I have so many fascinating ideas to share for you to consider! I took the whole week of Thanksgiving off. I shut down my laptop and didn’t reply to email and read books for pleasure and went on lovely walks as a family (see picture above!) and runs by myself. Which means I also listened to some terrific podcasts, read some interesting articles, and started some great books. So here is a hodgepodge of recommendations that range from thinking about faith and racism to politics and personal healing:
The Bible Project
My favorite podcast episode was from The Bible Project:
They talk about the fact that Christianity is the most multi-ethnic movement in all of world history, and how that was God’s intention from the start. This is a beautiful vision—from the Bible—of what God’s family looks like. Even though my experience of Christianity is largely monolithic, and even though our day-to-day experience of the church in America is largely divided upon racial lines, this episode gives reason not only to hope for but to work towards a more diverse worshiping community as a gift to the world.
The Ezra Klein Show
Coming in a close second was Alison Gopnik’s conversation with Ezra Klein about parenting and love and the fascinating ideas of what it means to see our kids as seeds growing in a garden rather than raw materials we are forming and shaping into objects we control.
The Place We Find Ourselves
I also really loved this fascinating series from Adam Young’s podcast The Place We Find Ourselves on How Healing Happens. It’s a three-part series. I listened to the first one twice so I could stop and take notes the second time. And the final points he makes in the third episode about the disruptive, unique nature of the gift that healing is was also really helpful as I think about healing in my own life and in our world.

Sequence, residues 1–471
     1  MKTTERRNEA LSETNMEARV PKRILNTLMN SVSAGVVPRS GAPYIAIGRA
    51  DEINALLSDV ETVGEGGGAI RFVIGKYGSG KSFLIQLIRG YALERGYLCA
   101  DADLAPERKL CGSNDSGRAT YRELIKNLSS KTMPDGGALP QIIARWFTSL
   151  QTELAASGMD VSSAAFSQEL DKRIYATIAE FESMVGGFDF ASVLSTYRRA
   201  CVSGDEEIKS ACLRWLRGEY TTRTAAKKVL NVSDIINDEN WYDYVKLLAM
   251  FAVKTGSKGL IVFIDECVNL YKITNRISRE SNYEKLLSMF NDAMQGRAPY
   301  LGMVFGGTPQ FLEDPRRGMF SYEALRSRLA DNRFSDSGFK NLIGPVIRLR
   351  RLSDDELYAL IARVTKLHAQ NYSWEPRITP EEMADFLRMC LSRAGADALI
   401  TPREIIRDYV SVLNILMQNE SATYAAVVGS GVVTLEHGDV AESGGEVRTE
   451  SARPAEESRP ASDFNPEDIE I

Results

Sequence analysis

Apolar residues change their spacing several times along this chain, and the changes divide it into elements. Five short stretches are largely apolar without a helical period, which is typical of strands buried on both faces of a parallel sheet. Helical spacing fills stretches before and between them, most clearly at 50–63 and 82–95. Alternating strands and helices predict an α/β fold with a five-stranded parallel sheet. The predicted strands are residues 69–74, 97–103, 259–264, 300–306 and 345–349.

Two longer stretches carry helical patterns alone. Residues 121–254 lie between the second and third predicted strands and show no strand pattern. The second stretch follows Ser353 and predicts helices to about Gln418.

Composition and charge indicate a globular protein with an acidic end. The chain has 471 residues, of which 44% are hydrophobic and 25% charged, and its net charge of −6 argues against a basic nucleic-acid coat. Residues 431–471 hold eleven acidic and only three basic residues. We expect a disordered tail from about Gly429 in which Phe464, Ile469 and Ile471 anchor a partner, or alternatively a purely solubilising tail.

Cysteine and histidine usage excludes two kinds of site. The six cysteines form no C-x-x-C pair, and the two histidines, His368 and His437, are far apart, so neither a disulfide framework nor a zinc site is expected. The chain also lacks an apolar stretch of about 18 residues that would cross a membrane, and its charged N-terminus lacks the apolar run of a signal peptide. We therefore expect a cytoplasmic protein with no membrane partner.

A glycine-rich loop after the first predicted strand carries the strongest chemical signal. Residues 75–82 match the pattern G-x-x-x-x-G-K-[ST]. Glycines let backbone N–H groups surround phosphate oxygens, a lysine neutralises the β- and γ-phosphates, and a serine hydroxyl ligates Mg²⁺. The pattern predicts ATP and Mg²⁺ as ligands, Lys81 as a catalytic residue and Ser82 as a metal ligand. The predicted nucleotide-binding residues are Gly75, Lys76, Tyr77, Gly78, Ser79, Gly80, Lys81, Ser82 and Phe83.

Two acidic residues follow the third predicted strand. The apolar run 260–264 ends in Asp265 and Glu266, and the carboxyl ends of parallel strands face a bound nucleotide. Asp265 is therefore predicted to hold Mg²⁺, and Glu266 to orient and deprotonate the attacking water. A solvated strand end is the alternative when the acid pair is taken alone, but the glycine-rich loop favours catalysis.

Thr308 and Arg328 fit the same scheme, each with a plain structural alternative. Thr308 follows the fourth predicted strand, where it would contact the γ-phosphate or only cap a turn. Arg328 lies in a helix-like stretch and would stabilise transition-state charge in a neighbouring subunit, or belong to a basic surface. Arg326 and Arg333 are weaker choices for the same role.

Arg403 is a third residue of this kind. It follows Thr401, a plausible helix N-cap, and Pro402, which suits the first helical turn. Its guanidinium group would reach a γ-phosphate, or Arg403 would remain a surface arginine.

Utah’s Economic Exceptionalism
This article about why Utah has fared better than almost any other state throughout this pandemic was fascinating. For anyone disheartened by the current political landscape, this article might give you hope that it is possible to have strong individual responsibility alongside government intervention for the common good.
Your Brain Is Not for Thinking
And this article about “body budgeting” is helpful in paying attention to what our bodies tell us about our physical and emotional needs. Here’s a taste of what she has to say:
Anxiety does not cause stomach aches; rather, feelings of anxiety and stomach aches are both ways that human brains make sense of physical discomfort. There is no such thing as a purely mental cause, because every mental experience has roots in the physical budgeting of your body. This is one reason physical actions like taking a deep breath, or getting more sleep, can be surprisingly helpful in addressing problems we traditionally view as psychological.
How Iceman Wim Hof Uncovered the Secrets to Our Health
And finally, in this post of fascinating ideas, this article for Outdoor magazine gives a fascinating description of Wim Hof, a 65-year-old man who promotes spending time in icy water on a daily basis in order to clear and calm all sorts of woes. He has not convinced me to try it! But I am more and more convinced that I need to pay more attention to the connection between my body and my brain, and this article only underlined that point even more.
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